Can’t blame Tesla there, pretty wise move on their part. Musk knows the shares of his company are “too high” (and has publicly said so), might as well cash in on that as a means of generating cash for the money losing business (they’re certainly not profiting off of selling cars. It costs more to make a Tesla than it get back in sales. It’s only the regulatory credits than enable Tesla to claim to have made a quarterly profit ).

Reply to  Simon
December 7, 2020 4:02 pm

The article is about future trends. Simon counters by pointing out that everything is fine right now.

Yes, simon actually is that simple.

Patrick MJD
Reply to  Simon
December 7, 2020 9:13 pm

The share market is the main indicatory of economic success? How did that work in 1929?

Reply to  Patrick MJD
December 7, 2020 10:03 pm

“Tesla made a profit of $331 million in the third quarter of 2020, its fifth straight profitable quarter ” Trump seems to think so… but no, I get there are lots of pieces in the puzzle.

Patrick MJD
Reply to  Simon
December 7, 2020 10:11 pm

Is Tesla listed on the NZ stock exchange?

John Endicott
Reply to  Patrick MJD
December 8, 2020 6:15 am

genuine question: Did the New Zealand share market crash along with the NYSE in 1929? (I would assume it did, but you know what Benny Hill says happens when you assume). All the articles I can find about the 1929 crash focus on wall street/the NYSE (and occasionally mention London’s SE) but don’t specifically mention any of the other stock exchanges such as the one in New Zealand.

Reply to  Simon
December 7, 2020 10:36 pm

Simon, I would not invest in any NZ company (like Fonterra) that goes along with the crap of the climate scam. I have put my ANZ shares up for sale because the CEO follows the woke line. There are better investments. I see that broker financial advisors rate CBA and ANZ at the bottom of the banks while NAB and Suncorp rate higher. Macquarie MQG also rates well. I have taken no hit through the Covid period and in fact am doing fine especially with US shares. Woke companies in woke countries will crash.

John Endicott
Reply to  ProEng
December 9, 2020 8:53 am

Unfortunately more and more companies in the US are caving in to woke crap. Get woke, go broke.

William Haas
December 7, 2020 4:59 pm

The reality is that, based on the paleoclimate record and the work done with models, the climate change that we have been experiencing is very small and is caused by the sun and the oceans over which mankind has no control. Despite the hype, there is no real evidence that CO2 has any effect on climate and there is plenty of scientific rationale to support the conclusion that the climate sensitivity of CO2 is zero. There is no real climate emergency but even if there were, mankind does not have the power to change it.

Craig from Oz
December 7, 2020 8:10 pm

Remind me, is it still official NZ government policy to solve NZ employment by shifting all their skilled workers to the West Island?

New Zealand needs to be very careful. In practical terms its main industries are sheep and hobbits. Sheep don’t actually directly employ that many people and hobbits are in grave danger because the movie industry has been massively reshaped in the past 9 months and may never return to the ‘old normal’.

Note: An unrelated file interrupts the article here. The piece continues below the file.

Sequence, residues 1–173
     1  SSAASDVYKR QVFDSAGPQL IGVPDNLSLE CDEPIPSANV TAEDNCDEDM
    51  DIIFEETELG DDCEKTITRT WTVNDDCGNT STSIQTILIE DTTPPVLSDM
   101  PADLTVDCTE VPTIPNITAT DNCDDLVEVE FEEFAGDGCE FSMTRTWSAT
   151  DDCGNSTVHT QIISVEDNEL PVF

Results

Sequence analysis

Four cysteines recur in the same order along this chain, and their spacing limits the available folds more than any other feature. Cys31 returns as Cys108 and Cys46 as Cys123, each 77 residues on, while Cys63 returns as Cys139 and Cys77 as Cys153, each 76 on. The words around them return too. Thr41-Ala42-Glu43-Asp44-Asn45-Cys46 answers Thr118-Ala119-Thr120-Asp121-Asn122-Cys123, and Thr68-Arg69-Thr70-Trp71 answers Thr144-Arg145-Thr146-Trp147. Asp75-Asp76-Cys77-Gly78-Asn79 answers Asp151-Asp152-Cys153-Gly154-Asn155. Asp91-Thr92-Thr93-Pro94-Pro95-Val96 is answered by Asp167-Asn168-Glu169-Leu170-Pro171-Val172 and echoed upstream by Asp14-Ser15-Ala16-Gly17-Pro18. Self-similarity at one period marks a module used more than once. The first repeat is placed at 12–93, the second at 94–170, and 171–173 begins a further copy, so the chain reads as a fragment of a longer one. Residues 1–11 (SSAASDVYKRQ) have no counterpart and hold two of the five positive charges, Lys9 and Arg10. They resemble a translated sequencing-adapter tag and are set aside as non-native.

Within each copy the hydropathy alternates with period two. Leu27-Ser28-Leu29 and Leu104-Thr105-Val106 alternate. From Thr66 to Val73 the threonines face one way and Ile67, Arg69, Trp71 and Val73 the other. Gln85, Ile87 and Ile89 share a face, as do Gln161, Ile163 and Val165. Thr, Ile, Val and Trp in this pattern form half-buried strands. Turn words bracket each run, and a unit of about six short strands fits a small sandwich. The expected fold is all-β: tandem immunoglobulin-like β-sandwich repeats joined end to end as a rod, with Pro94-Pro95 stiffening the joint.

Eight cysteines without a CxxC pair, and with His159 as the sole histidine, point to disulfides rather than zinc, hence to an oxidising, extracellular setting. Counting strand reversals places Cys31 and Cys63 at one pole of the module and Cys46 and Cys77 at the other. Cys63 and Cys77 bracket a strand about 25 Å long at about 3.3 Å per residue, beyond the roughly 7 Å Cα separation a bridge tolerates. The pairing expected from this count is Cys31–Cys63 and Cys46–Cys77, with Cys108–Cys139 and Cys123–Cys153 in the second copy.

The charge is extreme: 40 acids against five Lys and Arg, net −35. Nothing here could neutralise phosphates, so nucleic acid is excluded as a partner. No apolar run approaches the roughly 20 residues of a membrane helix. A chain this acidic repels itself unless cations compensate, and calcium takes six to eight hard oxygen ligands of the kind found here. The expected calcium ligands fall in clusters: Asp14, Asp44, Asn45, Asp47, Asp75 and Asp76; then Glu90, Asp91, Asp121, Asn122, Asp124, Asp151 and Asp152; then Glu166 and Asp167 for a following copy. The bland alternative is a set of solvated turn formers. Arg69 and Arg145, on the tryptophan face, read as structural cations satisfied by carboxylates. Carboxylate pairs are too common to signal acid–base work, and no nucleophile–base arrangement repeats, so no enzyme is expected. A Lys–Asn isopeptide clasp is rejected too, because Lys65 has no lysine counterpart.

That basically leaves tourism and the All Blacks, and anyone who believes tourism is going to bounce back overnight probably needs a good sit down before they harm themselves.

Patrick MJD
Reply to  Craig from Oz
December 7, 2020 9:08 pm

“Craig from Oz December 7, 2020 at 8:10 pm”

True. But NZ’ers are temporary residents in Aus on a special 444 visas, thanks to another great NZ Marxist PM, Helen Clark.

Reply to  Craig from Oz
December 8, 2020 12:24 pm

A few lawsuits by former rugby players with permanent brain injury should put the skids under rugby commerce. There is still some confusion here as to whether tourists are essential or non-essential persons.
It does seem that the making of “movies” , also known as propaganda may improve one’s chances of being deemed essential.

December 7, 2020 11:35 pm

New Zealand will have a bit of spare generating capacity to charge their growing fleet of Tesla’s when the Taiwan Point smelter closes next year. The 800MW that will become available will enable the 1234 Tesla owners in New Zealand to drive with gay abandon between charging spots.

Taiwan Point produces the purest aluminium in the world. Was in high demand for high strength aircraft alloys. I figure there will be fewer planes built in the next few years than there was in the years preceding 2020.

Rather than making aluminium for airplanes, New Zealand can now power their rapidly growing fleet of Teslas; which doubled in number in the last 12 months despite Covid. Investment in charging stations looking good.

New Zealand is the Norway of the Southern Hemisphere – even has fjords. They do not get paid to sink electricity from Germany though.

Peter Fraser
Reply to  RickWill
December 8, 2020 1:40 am

How depressing but it is all happening and it appears unstoppable.
from a Kewe

Peter Fraser
Reply to  RickWill
December 8, 2020 1:43 am


Reply to  Peter Fraser
December 8, 2020 2:03 pm

I did spell it incorrectly but it was spellchecker that converted it to Taiwan and I did not notice.

It will not be good news for Invercargill.

Reply to  RickWill
December 10, 2020 2:31 am

a long cable to Taiwan

Reply to  RickWill
December 8, 2020 1:32 pm

Jeez, dont say Taiwan Point, it will give the CCP just the excuse they need to annex us.

Climate believer
December 8, 2020 5:45 am

An explanatory video….

Reply to  Climate believer
December 10, 2020 2:33 am

That is so funny. They’re like “where’s the car?” And we’re like “where’s the car?” Kiwi humour….

%d bloggers like this:
Verified by MonsterInsights